Japanese astronaut Koichi Wakata with the cherry stone aboard the ISSNASA

Scientists are baffled by the amazingly fast growth of a tree that grew from a cherry stone sent into space.

The stone was harvested from an ancient 1,250-year-old Chujohimeseigan-zakura cherry tree at Ganjoji Temple in the Gifu Region of Japan. Japanese astronaut Koichi Wakata took the stone up to the International Space Station in 2008 where it orbited the earth 4,100 times before Wakata returned it to the temple in 2009. Wakata is now commander of the ISS.

Monks at the temple contacted scientists because the sapling has already soared to 12 feet (3.66m) tall, far quicker than the usual rate of growth. And, whereas cherry trees usually take around 10 years to blossom, the sapling is producing flowers after just four years.

Space cucumber
Chinese scientists were able to produce huge vegetables from seeds sent into spaceGuandong Academy of Agricultural Sciences

The sapling has produced 10 buds that opened into flowers, each with five petals – which is normal for a cherry tree but unlike those of the "mother" tree, whose flowers have around 30 petals. Experts think the young sapling may have "reverted" to the normal characteristics of the Yamazakura species.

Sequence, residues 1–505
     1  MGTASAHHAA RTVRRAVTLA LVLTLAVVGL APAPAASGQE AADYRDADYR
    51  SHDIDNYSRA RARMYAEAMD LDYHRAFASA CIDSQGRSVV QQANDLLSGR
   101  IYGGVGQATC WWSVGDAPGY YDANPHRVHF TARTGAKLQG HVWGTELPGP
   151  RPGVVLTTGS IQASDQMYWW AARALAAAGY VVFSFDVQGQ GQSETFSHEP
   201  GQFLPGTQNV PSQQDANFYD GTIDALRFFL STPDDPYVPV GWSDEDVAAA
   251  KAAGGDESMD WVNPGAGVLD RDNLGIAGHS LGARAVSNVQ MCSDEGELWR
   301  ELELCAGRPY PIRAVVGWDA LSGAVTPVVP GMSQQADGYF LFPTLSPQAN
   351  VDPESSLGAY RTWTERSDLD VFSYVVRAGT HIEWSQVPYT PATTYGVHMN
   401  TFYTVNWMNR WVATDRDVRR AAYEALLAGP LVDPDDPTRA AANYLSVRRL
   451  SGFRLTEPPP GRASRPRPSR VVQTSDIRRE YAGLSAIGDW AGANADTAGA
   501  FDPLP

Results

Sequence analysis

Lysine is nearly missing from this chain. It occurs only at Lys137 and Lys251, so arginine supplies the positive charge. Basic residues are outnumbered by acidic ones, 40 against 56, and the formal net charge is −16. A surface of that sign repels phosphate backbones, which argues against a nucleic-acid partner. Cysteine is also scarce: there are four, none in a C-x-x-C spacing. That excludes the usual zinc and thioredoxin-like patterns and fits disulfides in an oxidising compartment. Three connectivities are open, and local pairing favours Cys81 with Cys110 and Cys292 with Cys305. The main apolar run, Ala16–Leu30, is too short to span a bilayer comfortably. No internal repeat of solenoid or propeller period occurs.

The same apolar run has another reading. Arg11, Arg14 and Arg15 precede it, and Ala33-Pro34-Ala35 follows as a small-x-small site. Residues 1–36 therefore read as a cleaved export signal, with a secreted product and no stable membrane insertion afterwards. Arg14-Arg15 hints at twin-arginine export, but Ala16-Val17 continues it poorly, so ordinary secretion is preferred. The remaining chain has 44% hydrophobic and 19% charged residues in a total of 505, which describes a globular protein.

Japan Manned Space Systems devised the "Space Cherry project" to give Wakata an experiment with a Japanese flavour. In Japan, the flowering of cherry trees is seen as the harbinger of spring, and the blossoms' short life as a reminder of our own brief time on the planet. The ancient tree was chosen because in the past it had proved difficult to produce trees from its fruit.

Scientists are baffled as to why the cherry tree is performing so strangely.

Kaori Tomita-Yokotani from the University of Tsukuba said: "It is difficult for us to judge why this has happened, but one reason the tree has grown so fast may be related to space rays. We have to study this further and repeat our experiments on Earth to try to understand the mechanisms at work."

In similar experiments, Chinese researchers have discovered that seeds sent into space produce far larger vegetables: 2ft (60cm) cucumbers, 20lb (9kg) tomatoes and giant melons have all been produced and scientists believe one day the experiments may help to feed the world.

Researchers have sent a variety of species into space, including spiders, which were studied to see how they adapted to zero gravity. Although the spiders managed to build webs in space, they do not seem to have grown at the rate of the Ganjoji Temple cherry tree when returned to Earth.

Not yet.